Photo: Evan Matthews These are just two of eight smuldering slash piles counted at the time of the photo.
Photo: Evan Matthews
These are just two of eight smuldering slash piles counted at the time of the photo.


As Valemount residents warmed their toes by the fire and tucked themselves in under blankets during the past week’s cold snap, they were tucked into something else as well – a smog that led to the longest air quality advisory in Valemount in years.

The Ministry of Environment in collaboration with Northern Health issued an Air Quality Advisory Dec. 7th due to high concentrations of fine particulates. The advisory lasted six days until Dec. 12th, though the air quality was still above the provincial air quality objective that day. Shortly after rescinding the advisory, it was re-issued and was ongoing as of presstime Dec. 13th.

Fine particulates are tiny particles that are dangerous due to the way they can get stuck in your lungs and even work their way into your bloodstream, according to the U.S. Environmental Protection Agency. The evidence shows adverse effects of particulate matter following both short-term and long-term exposures, according to the World Health Organization.

Last Wednesday, the Village of Valemount revoked the Burning Permit for a slash burning operation in Village limits, but particulate levels remained high. Cold temperatures likely led homeowners to crank their stoves while a high-pressure system kept the smoke hovering over the village.

The air quality ” at its worst ” was listed as hazardous. The air was nearly twice as bad as Beijing’s Dec. 7th.

Though many locals have expressed frustration and health concerns due to the air quality, Spokesperson for Northern Health, Eryn Collins, says the Valemount Clinic hasn’t experienced an influx of patients, nor has it seen a rise in patients reporting respiratory issues due to air quality.

Gail Roth, Air Quality Meteorologist for the region, which includes Valemount, says the concentrations are similar to what is experienced by communities affected by forest fire smoke. She said a high-pressure system was moving through which means the poor air quality was slow disperse.

Air quality data obtained from the Ministry of Environment shows there were 37 days in Valemount between Dec. 2015 and Dec. 2016 when the concentrations of particulate matter 2.5 was above the air quality objective of 25ppm.

During the week of Dec. 6th to 12th, there were 48 individual hours that had concentrations above 100ppm – five times the objective. 15 hours had concentrations above 299 – 12 times the objective.
The data also shows that yearly concentrations of 2.5 particulate matter are above the yearly guidelines by the World Health Organization. Valemount’s yearly concentration this past year was 12ppm, above the guideline of 10ppm.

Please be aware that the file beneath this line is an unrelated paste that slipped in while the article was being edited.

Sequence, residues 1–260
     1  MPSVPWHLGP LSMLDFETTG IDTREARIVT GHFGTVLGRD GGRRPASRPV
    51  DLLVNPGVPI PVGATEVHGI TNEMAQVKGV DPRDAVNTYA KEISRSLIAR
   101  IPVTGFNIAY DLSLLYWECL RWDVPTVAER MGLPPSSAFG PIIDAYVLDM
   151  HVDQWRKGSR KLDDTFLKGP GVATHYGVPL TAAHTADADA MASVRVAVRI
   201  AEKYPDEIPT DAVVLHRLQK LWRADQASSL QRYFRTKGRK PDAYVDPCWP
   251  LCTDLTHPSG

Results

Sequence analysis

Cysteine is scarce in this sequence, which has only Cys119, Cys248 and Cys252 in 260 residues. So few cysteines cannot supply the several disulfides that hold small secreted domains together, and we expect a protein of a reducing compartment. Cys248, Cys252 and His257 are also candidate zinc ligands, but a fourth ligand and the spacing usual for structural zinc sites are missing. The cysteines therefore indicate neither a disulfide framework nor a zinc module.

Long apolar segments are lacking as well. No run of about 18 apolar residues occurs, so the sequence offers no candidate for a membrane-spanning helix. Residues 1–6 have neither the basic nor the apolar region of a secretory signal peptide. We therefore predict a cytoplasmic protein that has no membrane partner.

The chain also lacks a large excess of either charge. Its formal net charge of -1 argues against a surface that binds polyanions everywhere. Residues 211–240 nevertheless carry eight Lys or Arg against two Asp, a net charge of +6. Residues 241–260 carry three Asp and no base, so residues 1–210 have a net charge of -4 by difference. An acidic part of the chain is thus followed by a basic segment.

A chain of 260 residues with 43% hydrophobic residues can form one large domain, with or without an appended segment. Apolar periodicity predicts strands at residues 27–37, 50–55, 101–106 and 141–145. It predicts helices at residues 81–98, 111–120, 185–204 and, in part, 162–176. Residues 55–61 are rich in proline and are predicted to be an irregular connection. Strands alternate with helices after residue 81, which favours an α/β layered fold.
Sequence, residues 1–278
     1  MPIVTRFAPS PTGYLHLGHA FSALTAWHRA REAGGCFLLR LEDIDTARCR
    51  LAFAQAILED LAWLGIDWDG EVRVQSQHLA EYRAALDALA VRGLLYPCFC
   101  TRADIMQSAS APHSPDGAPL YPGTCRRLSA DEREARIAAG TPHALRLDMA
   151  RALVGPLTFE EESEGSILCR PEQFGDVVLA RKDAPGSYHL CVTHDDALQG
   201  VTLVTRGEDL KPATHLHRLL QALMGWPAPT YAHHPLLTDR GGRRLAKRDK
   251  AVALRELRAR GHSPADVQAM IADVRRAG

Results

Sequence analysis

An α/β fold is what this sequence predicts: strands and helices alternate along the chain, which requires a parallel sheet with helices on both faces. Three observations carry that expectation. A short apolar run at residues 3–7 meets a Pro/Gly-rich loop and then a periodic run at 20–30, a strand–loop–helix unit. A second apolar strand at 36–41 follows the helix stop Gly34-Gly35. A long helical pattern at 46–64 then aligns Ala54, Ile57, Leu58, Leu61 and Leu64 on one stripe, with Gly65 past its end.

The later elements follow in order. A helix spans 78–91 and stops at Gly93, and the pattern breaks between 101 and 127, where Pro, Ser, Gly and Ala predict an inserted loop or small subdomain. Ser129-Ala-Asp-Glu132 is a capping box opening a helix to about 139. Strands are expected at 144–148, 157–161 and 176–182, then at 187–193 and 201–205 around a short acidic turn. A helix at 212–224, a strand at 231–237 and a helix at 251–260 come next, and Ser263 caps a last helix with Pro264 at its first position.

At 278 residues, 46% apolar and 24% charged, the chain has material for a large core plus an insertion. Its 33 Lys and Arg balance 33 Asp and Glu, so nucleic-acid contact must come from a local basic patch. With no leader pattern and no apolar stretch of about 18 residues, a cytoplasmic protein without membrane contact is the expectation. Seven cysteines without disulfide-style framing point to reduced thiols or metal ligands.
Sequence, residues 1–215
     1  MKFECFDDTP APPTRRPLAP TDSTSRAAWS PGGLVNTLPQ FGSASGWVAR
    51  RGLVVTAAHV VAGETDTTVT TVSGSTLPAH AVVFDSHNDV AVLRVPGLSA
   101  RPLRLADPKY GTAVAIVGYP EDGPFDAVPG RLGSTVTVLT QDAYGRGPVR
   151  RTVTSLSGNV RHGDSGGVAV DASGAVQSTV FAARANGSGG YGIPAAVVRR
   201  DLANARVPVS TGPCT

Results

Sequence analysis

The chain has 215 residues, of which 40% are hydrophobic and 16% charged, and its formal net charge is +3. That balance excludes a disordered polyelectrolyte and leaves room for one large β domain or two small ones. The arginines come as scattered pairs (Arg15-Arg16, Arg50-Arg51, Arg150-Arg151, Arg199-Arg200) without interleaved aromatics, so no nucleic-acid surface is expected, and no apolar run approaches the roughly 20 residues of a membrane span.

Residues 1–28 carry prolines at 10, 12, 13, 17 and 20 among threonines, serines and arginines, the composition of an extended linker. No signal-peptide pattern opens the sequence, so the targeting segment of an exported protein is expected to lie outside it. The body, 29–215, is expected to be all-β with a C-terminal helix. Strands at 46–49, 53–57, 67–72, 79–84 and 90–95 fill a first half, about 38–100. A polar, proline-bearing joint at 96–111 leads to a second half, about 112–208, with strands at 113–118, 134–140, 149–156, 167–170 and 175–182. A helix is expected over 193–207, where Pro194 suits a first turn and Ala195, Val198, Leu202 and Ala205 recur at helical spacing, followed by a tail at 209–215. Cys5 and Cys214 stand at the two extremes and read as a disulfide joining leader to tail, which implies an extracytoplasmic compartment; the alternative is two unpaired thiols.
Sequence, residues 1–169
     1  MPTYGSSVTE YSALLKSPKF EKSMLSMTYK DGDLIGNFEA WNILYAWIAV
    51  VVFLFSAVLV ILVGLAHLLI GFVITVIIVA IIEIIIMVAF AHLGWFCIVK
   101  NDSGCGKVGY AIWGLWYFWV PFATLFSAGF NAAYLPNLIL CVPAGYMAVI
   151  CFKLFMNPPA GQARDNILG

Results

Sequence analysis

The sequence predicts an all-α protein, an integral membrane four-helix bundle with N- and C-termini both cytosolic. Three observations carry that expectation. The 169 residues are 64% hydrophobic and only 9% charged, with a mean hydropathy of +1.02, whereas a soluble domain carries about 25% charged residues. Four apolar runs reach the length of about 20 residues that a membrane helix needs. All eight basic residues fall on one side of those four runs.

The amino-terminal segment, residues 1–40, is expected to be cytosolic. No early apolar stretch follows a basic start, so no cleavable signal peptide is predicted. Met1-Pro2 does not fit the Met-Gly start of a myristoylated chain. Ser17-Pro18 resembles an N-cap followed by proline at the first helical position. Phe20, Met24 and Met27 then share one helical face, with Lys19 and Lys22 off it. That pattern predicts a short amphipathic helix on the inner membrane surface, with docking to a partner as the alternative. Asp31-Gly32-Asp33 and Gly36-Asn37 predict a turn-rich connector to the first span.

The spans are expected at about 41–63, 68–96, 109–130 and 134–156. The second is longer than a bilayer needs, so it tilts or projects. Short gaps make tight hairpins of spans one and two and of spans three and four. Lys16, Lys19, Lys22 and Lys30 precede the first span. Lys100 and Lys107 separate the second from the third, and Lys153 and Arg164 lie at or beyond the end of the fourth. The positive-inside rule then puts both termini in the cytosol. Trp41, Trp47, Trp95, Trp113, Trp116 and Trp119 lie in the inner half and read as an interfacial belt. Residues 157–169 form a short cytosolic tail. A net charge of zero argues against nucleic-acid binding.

The particulate matter was the worst during night when temperatures drop and people stock their stoves, with air quality often improving during the day.

Advisories not always issued

Roth says the Ministry doesn’t always issue air quality advisories when the air quality becomes hazardous. This is due in part to the cyclical nature of the air quality – worse at night, improving during the day. But she also says air quality advisories lose their effectiveness if they are issued all the time.

“Often in the case of Valemount we may hit those advisory conditions during those hours but we won’t issue an advisory because, with the exception of those morning hours, the concentrations are low and it happens very frequently – so the usefulness of the advisory loses its power if you’re issuing them every day.”

She says the intention of the advisory is to point out a substantial problem where action should be made to reduce particulate.

The Goat asked Roth if having high concentrations every day wouldn’t be considered a “substantial problem.”

“It is a problem. It still is particulate pollution. I’m not sure an advisory every day would change anything.”

Improving the air quality

Roth says municipalities can regulate wood burning. Golden is an example of a community that has outlawed wood fireplaces in new buildings and homes, though old homes are grandfathered in.

Other municipalities require that all wood-burning fireplaces and stoves meet Canadian Safety Association standards.

Valemount has previously been eligible for woodstove exchange program funding from the Province, but the Village must apply for funding. No exchange program was advertised in the past couple years.

Roth acknowledges that in many rural areas, especially northern ones, wood burning is a lifestyle, especially for those with low incomes.

But how a person burns wood is often as important as how much. Seasoned dry wood emits far less pollution than green or wet wood, for instance.

Slash burning blamed

Locals took to social media to blame the burning slash piles at 202 Ash for their part in the smog last week. In August 2015, the owners of the 65-acre property at 202 Ash logged the property and stacked the wood debris into slash piles.